The J is for Judge: Celebrating the Real Seattle

Folklife image via Wikimedia Commons.

Now that we’ve come through another Seattle summer, it’s the perfect time to reflect on our annual parade of non sequiturs: Bumbershoot, Hempfest, Seafair, Folklife.

I’m being a little snarky, but only a little. Attendance at Bumbershoot is down, Hempfest has been struggling since marijuana legalization eliminated its raison d’être, Folklife was almost canceled this year due to lack of funding, and the Seafair hydro races, once a major local sporting event, are no longer televised. Along with declining attendance, my guess is that many of these Seattle staples (I’m looking at you Bumbershoot) have become largely bridge and tunnel festivals that have about as much to do with Seattle’s sensibility as Blue Angel war planes.

I’m not cranky enough to argue for pulling the plug on any of these events—and the Capitol Hill Block Party, which displaced Bumbershoot as the city’s tuned-in music festival about a decade ago, is as guilty of suburban creep as Bumbershoot. But let’s be honest, these holdover community celebrations have become more meta than meaningful. Meta is okay. People have likely been rolling their eyes at the stilted nature of these local holidays for years. And we will likely go on doing so for years to come.

But let’s at least also hold some events that generate genuine excitement. As this summer’s buzziest event, Pearl Jam’s sold-out “Home Shows,” showed, Seattle is hungry for communal events that match Seattle’s values. (The shows raised a combined $11 million to address homelessness). I personally think Pearl Jam is a banal, generic rock band, but I will admit, a ton of people (admittedly, largely white and deeply nostalgic) were caught up in the shows in a way that made Bumbershoot look like obligatory Sunday dinner at your parents. The city’s official community events were shown up by something that felt relevant.

I’m not going suggest killing off any of our legacy events. Instead, I’m going to suggest a few ideas for Seattle to get its authentic Seattle on.

Single Family Zone Day

To celebrate hypocritical liberal “In This House, We Believe” Seattle, let’s hold an annual festival celebrating exclusionary zoning. We can hold the event at a public city park like North Beach Park, where 97 percent of the residential land within a half mile—walking distance— is exclusively zoned for single family housing.  (In general: 70 percent of the land in Seattle around parks larger than an acre is zoned single-family, giving single-family homeowners greater direct access to our city’s greenspaces). Or let’s hold the event at View Ridge Elementary School, one of the city’s top performing public elementaries, where 93 percent of the surrounding land is zoned exclusively for single-family use.  It’d be a fitting way for privileged Single Family Zoners to celebrate the fact that “On average, single-family zoning covers 72 percent of land in attendance areas of Seattle’s 13 top-rated, non-option, public elementaries,” according to some woke analysis by Sightline.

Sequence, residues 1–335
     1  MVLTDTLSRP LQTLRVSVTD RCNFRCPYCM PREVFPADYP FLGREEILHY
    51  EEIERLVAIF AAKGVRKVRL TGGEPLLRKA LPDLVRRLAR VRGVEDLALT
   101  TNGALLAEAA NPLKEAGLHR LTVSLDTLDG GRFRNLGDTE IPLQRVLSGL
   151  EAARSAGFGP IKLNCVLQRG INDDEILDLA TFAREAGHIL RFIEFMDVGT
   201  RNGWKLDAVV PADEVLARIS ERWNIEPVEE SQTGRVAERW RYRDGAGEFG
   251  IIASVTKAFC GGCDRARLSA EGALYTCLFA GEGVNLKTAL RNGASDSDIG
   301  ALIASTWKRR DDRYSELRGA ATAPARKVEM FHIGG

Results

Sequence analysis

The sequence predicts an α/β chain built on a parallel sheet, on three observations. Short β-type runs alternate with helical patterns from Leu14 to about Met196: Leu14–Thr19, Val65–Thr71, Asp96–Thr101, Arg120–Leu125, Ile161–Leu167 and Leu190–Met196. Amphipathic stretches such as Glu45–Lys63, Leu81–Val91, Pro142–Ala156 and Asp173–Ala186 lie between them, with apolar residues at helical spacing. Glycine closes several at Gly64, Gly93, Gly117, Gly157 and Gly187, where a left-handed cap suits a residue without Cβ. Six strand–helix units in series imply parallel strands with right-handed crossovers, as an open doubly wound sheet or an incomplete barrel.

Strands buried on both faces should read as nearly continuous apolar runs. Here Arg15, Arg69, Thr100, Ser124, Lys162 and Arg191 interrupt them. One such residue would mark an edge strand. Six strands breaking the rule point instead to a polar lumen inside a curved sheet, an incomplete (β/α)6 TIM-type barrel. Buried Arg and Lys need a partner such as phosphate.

None of this is particularly surprising given that an astonishing two-thirds of Seattle’s land is zoned exclusively for single-family houses, making all those coloruful placards proclaiming diversity ring hollow.

It’s the ’90s Day

Let’s toast this great era before we had  a mandatory nation-topping minimum wage, light rail, gay marriage, mandatory affordable housing regulations on new development, a plethora of high-profile, independent  voices calling bullshit on the Seattle Times (Erica, the Urbanist, Seattle Bike Blog, Seattle Transit Blog, Sightline, Michael Maddux), legalized pot, U.S. Rep. Pramila Jayapal, protected bike lanes, activated Ballard, Fremont, Columbia City, a ton of art spaces, a majority of the city (around 65 percent) living within a 10-minute walk of 10-minute or better transit service, the Seattle Storm (sweep tonight, please!), the Seattle Sounders, June Baby, Molly Moons, and Sydney Brownstone taking down serial sexual abusers.

We could hold the event at the Showbox.

Your Dog is Your Best Friend Day

On this special day, we would allow Seattleites to break King County Health Department rules that restrict people to only bringing service animals into bars and restaurants. On this special day, you can bring your beloved pooch, the waiter can pet your beloved pooch and let your beloved pooch slobber all over their hands, and…

Oh wait.

Comic Con Everyday! 

Oh wait. Every day is already Comic Con in Seattle.

These are some suggestions for authentic early 21st century Seattle holidays. Let me know if you have others.